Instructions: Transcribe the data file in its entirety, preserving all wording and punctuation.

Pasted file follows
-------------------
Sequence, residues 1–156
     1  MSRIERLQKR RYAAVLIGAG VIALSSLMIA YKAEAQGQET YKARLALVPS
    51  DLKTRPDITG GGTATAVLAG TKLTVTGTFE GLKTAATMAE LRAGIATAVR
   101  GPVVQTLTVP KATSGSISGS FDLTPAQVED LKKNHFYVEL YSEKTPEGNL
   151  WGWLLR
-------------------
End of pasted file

Sequence, residues 1–156
     1  MSRIERLQKR RYAAVLIGAG VIALSSLMIA YKAEAQGQET YKARLALVPS
    51  DLKTRPDITG GGTATAVLAG TKLTVTGTFE GLKTAATMAE LRAGIATAVR
   101  GPVVQTLTVP KATSGSISGS FDLTPAQVED LKKNHFYVEL YSEKTPEGNL
   151  WGWLLR